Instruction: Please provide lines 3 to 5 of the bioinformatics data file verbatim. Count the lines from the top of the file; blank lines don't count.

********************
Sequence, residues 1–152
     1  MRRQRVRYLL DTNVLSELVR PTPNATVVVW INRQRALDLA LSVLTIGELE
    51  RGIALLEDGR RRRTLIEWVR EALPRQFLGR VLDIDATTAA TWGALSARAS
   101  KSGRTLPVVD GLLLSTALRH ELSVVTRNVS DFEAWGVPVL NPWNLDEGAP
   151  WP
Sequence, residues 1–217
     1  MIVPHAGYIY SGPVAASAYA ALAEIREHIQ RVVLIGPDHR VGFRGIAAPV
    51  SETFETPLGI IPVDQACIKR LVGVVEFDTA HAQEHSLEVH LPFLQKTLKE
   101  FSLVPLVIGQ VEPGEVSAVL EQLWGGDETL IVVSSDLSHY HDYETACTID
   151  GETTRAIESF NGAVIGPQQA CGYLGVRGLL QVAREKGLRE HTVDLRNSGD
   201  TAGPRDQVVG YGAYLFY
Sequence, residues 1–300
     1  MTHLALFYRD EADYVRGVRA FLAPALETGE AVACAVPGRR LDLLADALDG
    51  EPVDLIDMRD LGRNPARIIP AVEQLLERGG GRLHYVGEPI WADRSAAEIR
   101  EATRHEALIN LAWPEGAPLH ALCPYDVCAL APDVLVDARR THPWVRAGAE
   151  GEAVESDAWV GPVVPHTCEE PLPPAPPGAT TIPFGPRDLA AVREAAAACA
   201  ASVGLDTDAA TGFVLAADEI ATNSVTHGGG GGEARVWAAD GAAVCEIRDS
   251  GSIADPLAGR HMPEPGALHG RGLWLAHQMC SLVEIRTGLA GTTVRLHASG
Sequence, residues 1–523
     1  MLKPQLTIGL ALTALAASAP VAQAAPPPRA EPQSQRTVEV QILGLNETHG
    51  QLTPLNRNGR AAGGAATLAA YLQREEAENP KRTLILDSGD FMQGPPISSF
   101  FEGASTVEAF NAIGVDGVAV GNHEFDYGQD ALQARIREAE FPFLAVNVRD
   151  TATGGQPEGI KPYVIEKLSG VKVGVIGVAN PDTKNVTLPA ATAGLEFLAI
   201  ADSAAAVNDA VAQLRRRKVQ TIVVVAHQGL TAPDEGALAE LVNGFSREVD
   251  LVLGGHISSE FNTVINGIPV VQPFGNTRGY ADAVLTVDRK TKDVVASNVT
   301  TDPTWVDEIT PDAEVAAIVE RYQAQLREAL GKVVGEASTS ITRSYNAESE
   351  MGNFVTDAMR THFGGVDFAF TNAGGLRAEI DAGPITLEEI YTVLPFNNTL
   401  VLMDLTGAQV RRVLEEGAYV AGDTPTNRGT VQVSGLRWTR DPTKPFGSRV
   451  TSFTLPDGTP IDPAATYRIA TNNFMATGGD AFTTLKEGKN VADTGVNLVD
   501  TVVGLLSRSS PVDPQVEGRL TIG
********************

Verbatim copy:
    51  RGIALLEDGR RRRTLIEWVR EALPRQFLGR VLDIDATTAA TWGALSARAS
   101  KSGRTLPVVD GLLLSTALRH ELSVVTRNVS DFEAWGVPVL NPWNLDEGAP
   151  WP